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D-Day’s 80th anniversary brings World War II veterans back to the beaches of Normandy

OMAHA BEACH, France (AP) — The June 6, 1944, D-Day invasion of Nazi-occupied France was unprecedented in scale and audacity, using the largest-ever armada of ships, troops, planes and vehicles to punch a hole in Adolf Hitler’s defenses in western Europe and change the course of World War II.

With veterans and world dignitaries gathering in Normandy to commemorate the 80th anniversary of the landings, here’s a look at some details about how the operation unfolded.


Nearly 160,000 Allied troops landed in Normandy on June 6, 1944. Of those, 73,000 were from the United States and 83,000 from Britain and Canada. Forces from several other countries were also involved, including French troops fighting with Gen. Charles de Gaulle.

The Allies faced around 50,000 German forces.

More than 2 million Allied soldiers, sailors, pilots, medics and other people from a dozen countries were involved in the overall Operation Overlord, the battle to wrest western France from Nazi control that started on D-Day.


The sea landings started at 6:30 a.m., just after dawn, targeting five code-named beaches: Utah, Omaha, Gold, Juno, Sword. The operation also included actions inland, including overnight parachute landings on strategic German sites and U.S. Army Rangers scaling cliffs to take out German gun positions.

Around 11,000 Allied aircraft, 7,000 ships and boats, and thousands of other vehicles were involved.


A total of 4,414 Allied troops were killed on D-Day itself, including 2,501 Americans. More than 5,000 were wounded.

In the ensuing Battle of Normandy, 73,000 Allied forces were killed and 153,000 wounded. The battle — and especially Allied bombings of French villages and cities — killed around 20,000 French civilians.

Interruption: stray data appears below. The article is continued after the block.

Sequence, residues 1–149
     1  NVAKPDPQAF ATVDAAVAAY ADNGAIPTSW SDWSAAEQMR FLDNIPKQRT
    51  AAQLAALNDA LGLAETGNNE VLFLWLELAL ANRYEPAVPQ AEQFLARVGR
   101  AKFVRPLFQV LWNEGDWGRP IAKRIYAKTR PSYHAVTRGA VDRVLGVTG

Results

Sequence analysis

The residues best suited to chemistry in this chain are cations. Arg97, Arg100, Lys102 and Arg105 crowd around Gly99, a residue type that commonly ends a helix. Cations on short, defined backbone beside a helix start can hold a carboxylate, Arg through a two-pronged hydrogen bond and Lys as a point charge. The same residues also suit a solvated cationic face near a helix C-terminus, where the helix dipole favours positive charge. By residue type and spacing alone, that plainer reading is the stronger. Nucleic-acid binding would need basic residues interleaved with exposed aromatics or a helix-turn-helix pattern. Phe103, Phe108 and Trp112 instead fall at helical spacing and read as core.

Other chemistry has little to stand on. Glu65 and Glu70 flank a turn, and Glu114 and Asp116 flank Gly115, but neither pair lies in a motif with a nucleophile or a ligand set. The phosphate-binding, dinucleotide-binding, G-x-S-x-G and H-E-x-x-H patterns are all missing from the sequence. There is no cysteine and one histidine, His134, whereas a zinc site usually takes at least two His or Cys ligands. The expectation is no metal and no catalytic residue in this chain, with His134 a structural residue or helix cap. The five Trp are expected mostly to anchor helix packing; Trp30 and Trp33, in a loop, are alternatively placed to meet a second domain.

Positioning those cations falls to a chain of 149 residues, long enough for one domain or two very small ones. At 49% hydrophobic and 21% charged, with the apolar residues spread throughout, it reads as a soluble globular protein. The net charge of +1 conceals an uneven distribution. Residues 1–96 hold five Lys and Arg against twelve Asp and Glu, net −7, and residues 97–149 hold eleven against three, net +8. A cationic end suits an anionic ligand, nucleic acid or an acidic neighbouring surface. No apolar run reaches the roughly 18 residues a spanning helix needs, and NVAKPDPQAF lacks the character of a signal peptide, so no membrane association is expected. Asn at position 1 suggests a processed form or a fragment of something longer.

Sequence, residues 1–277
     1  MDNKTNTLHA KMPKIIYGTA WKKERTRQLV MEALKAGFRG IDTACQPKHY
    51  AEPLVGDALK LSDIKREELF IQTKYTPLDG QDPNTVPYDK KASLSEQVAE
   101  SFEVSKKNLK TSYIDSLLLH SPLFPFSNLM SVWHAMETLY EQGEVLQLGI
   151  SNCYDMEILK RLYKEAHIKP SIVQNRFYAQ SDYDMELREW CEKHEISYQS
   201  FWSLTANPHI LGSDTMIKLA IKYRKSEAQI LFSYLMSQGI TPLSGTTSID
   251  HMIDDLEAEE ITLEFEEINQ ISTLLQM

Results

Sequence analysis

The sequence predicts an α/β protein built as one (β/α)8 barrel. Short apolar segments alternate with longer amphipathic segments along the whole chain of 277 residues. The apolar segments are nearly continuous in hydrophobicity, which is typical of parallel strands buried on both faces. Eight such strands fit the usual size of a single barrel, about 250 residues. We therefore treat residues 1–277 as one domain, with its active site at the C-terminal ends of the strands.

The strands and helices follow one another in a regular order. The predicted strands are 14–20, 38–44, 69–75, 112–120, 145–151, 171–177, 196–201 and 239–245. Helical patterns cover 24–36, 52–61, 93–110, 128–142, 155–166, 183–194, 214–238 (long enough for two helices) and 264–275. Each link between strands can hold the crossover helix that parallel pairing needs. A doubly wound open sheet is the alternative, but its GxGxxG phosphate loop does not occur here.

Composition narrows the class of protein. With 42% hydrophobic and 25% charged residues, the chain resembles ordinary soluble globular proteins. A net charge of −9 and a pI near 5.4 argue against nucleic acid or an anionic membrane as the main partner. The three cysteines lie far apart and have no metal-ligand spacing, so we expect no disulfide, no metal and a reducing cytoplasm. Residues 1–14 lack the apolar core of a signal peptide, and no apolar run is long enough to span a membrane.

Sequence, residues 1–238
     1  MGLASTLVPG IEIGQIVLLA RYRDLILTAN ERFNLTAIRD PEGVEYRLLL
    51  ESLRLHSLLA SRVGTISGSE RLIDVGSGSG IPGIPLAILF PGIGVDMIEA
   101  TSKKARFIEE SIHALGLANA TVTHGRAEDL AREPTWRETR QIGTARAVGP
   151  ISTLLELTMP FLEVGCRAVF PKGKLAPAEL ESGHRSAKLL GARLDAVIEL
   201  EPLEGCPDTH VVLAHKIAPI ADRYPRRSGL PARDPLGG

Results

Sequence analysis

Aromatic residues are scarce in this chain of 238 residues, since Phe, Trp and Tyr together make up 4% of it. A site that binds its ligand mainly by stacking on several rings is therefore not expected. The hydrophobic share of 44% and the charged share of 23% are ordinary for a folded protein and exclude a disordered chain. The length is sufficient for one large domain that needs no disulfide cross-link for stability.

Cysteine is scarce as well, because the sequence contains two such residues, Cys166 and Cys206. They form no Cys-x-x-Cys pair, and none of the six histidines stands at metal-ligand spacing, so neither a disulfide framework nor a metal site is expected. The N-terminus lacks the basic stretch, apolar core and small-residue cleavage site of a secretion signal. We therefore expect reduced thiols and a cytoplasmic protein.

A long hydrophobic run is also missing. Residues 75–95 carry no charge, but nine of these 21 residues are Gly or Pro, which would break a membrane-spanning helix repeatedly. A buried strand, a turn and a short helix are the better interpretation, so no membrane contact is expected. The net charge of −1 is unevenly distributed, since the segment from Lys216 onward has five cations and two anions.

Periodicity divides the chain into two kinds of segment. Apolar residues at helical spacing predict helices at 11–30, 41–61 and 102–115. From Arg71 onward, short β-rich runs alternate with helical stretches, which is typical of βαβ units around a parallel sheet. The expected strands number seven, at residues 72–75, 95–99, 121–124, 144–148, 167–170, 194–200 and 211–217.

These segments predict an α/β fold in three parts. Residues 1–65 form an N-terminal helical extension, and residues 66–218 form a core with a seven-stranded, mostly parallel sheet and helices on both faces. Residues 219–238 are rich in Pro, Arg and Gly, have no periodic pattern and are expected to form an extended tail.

The exact German casualties aren’t known, but historians estimate between 4,000 and 9,000 men were killed, wounded or missing during the D-Day invasion alone. About 22,000 German soldiers are among the many buried around Normandy.


Inevitably, the number of survivors attending major anniversary commemorations in France continues to dwindle. The youngest survivors are now in their late 90s. It’s unclear how many D-Day veterans are still alive. The U.S. Department of Veterans Affairs says it doesn’t track their numbers.

A brief timeline of events on D-Day, June 6, 1944.

Shortly after midnight: More than 2,200 Allied aircraft begin bombing German defenses and other targets in Normandy. They are followed by 1,200 aircraft carrying more than 23,000 American, British and Canadian airborne troops. British forces landing in gliders take two strategic bridges near the city of Caen. The force commander uses the codewords “ham and jam” to report the successful capture.

1:30 a.m.: U.S. 101st Airborne Division begins landing behind the most western of the five landing beaches, codenamed Utah.

2:30 a.m.: U.S. 82nd Airborne Division also lands but many units are scattered.

5 a.m.: Allied naval forces begin shelling German coastal defenses.

6:30 a.m.: Beach landings begin.

How D-Day progressed on the five beaches:

Utah: Assaulted by U.S. forces. This beach saw the fewest Allied casualties: 197 troops killed or wounded among 23,000 that land.

Omaha: The longest, most heavily defended and bloodiest beach. U.S. forces suffer 2,400 casualties but still land 34,000 troops by nightfall.

Gold: Taken by British forces, which land 25,000 soldiers and push German forces inland, for 400 casualties.

Juno: Joint Canadian-British assault lands 21,000 troops; more than 1,150 casualties.

Sword: Assisted by French and British commandoes, the British 2nd Army takes the easternmost beach, landing 29,000 soldiers for 630 casualties.

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